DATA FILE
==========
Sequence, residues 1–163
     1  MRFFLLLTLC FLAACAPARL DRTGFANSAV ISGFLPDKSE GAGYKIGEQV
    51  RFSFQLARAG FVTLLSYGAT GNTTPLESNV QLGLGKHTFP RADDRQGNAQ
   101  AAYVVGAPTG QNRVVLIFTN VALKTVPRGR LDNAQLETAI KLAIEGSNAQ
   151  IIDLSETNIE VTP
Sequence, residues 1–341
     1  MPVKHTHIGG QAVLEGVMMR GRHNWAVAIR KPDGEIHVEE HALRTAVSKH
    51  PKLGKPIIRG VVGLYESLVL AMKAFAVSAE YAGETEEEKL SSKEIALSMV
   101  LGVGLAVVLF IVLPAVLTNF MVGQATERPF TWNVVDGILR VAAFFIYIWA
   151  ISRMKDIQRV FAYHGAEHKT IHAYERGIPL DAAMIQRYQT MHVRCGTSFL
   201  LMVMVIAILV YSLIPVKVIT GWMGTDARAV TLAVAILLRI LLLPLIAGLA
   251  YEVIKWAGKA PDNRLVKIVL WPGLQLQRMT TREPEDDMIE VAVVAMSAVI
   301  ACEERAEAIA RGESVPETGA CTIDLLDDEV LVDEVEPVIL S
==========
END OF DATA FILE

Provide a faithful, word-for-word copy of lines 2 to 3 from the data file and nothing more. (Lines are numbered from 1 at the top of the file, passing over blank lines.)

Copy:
     1  MRFFLLLTLC FLAACAPARL DRTGFANSAV ISGFLPDKSE GAGYKIGEQV
    51  RFSFQLARAG FVTLLSYGAT GNTTPLESNV QLGLGKHTFP RADDRQGNAQ